Cash-strapped Americans looking for a cheap getaway at a state park or campground might be thwarted this summer. The head of a national group of state parks directors says parks and historic sites have had to cut back because of budgets stressed by the recession. Philip McKnelly of the National Association of State Parks Directors says Americans may find reduced hours, higher fees, and closed beaches and pools. McKnelly is former director of the North Carolina State Parks System. In New York, nearly half of the more than 200 state-run parks and historic sites will see some reduction in services. Other states facing cuts include California, Georgia and Illinois.

Past research indicated that white business executives are hampered if they have what’s known as a “babyface” appearance. But it looks like the opposite may be true for blacks. According to an upcoming study, black Fortune 500 CEOs who have a babyface appearance are more likely to lead companies with higher revenues and prestige than are black CEOs who look more mature. The study from Northwestern University’s Kellogg School of Management finds that a disarming appearance can help black CEOs by countering a stigma that black men are threatening. The study is scheduled to be published in the journal Psychological Science later this year.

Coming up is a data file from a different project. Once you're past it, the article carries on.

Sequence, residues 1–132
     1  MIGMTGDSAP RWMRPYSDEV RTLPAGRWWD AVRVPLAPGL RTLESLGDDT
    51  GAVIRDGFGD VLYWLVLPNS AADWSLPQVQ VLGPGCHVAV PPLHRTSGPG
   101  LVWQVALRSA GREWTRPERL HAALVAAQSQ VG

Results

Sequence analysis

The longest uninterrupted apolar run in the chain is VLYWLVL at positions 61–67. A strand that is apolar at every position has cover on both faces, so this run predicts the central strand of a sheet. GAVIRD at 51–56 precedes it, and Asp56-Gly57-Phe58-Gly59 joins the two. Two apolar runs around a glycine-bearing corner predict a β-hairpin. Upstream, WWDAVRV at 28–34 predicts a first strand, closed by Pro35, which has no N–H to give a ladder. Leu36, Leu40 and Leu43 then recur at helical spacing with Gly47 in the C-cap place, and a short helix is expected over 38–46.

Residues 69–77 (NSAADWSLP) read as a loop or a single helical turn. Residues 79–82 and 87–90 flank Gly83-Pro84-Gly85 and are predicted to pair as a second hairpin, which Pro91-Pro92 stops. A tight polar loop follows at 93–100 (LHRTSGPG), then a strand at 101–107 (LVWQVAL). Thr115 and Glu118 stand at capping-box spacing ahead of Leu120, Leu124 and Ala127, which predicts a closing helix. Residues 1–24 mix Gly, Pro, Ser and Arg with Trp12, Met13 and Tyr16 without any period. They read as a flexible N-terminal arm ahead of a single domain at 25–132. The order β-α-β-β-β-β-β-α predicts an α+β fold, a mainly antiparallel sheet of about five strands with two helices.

The number of rigs actively exploring for oil and natural gas in the United States fell by 17 this week to 928, down nearly half from a year ago. Of the rigs running nationwide, 730 were exploring for natural gas and 190 for oil, Houston-based Baker Hughes reported. Eight were listed as miscellaneous. A year ago, the rig count stood at 1,846. The U.S. count is down 54 per cent since the end of August as weak energy demand has hampered oilfield activity. Of the major oil- and gas-producing states, Texas lost 20 rigs. Baker Hughes has tracked rig counts since 1944. The tally peaked at 4,530 in 1981, during the height of the oil boom. The industry posted several record lows in 1999, bottoming out at 488.